It was just recently that President Trump suddenly transformed into the soul of self-restraint and even-handedness when speaking of Christine Blasey Ford, accuser of SCOTUS nominee Brett Kavanaugh of sexual assault when they were in high school.

Trump claimed to regard her as “a very fine woman,” “a very credible witness,” finding her testimony to be “very good in many respects” and “very compelling.” (At his most articulate, Trump uses the word “very” twice, back to back; this from the man who claims to have “the best words.” )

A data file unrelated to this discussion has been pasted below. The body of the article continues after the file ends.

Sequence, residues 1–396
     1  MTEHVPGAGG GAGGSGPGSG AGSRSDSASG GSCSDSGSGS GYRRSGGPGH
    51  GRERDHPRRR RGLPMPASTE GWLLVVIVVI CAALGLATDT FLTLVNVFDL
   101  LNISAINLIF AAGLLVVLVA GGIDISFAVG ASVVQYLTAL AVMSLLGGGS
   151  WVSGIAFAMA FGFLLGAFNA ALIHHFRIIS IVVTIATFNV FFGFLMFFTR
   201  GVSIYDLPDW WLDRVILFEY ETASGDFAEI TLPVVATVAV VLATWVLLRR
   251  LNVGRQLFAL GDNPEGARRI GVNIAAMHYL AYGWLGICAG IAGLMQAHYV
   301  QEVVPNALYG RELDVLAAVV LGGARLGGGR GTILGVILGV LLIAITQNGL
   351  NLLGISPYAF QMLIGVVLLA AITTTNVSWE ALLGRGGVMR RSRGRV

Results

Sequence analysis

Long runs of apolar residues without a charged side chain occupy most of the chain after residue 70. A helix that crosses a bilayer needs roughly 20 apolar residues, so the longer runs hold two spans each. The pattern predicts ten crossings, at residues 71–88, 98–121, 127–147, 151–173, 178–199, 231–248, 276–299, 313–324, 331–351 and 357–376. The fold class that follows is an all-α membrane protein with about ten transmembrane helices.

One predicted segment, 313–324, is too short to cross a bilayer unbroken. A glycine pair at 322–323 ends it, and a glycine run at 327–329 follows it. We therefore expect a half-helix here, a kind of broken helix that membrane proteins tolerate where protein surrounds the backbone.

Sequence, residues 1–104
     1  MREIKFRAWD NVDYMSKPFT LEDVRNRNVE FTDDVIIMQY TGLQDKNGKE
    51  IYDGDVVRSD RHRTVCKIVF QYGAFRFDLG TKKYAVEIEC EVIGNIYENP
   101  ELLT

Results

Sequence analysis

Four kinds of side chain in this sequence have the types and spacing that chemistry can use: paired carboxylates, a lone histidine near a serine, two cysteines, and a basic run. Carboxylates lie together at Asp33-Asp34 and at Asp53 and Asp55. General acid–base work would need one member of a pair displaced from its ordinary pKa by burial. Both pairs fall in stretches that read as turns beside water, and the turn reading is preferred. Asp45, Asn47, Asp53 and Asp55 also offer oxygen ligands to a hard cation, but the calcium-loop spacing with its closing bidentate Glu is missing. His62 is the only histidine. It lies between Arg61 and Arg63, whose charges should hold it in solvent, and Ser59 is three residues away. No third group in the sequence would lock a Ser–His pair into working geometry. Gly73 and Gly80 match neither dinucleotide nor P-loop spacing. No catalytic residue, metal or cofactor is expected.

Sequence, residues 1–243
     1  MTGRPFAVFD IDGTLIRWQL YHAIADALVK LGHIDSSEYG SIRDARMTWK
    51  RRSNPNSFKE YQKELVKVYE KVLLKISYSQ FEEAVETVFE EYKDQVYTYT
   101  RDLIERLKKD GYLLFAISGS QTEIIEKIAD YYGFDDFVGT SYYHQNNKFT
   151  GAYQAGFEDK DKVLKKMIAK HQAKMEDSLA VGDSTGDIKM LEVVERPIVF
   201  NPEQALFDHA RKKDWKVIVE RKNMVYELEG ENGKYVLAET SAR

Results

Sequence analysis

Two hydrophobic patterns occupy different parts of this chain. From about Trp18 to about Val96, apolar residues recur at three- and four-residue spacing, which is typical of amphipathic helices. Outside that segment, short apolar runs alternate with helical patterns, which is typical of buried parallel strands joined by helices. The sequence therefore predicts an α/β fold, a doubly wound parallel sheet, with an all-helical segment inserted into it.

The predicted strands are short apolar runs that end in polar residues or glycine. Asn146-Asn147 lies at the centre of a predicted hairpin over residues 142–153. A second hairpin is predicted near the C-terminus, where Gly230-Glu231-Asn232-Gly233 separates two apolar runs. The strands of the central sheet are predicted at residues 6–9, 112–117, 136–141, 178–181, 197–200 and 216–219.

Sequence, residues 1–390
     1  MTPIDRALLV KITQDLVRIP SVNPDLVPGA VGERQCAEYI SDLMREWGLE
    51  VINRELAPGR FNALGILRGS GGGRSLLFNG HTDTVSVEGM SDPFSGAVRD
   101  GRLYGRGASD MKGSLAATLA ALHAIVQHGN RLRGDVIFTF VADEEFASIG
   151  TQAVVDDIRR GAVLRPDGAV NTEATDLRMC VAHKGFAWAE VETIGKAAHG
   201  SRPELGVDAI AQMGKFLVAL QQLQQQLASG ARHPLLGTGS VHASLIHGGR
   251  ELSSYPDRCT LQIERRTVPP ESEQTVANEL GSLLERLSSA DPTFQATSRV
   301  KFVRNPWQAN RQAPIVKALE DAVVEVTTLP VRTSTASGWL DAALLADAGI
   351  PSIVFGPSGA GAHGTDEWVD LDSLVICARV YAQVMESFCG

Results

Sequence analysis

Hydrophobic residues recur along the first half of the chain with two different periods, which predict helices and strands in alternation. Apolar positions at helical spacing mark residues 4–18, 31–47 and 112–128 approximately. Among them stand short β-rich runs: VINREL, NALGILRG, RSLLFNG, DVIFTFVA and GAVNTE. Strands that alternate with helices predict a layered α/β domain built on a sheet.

But at a “Make America Great Again” rally in Mississippi a few days later, Trump was his old insufferable self again, unmistakably implying that Ford’s testimony wasn’t worth a tinker’s dam, given that she couldn’t remember a number of details about the night Kavanaugh assaulted her.

So the woman Trump had previously extolled as being creditable he now derides as a liar, as a party to the destruction of Kavanaugh’ s life by a bunch of “very evil people,” i.e., the Democrats. (There’s that ever-handy “very” again.)

Trump, on the other hand, that one-time free-wheeling grabber of women’s privates who got away with it, never had an evil bone in his body. On the contrary, as he had the hubris to inform Australian Prime Minister Malcolm Turnbull last year, he is “the world’s greatest person.”

William LaRochelle, Lewiston

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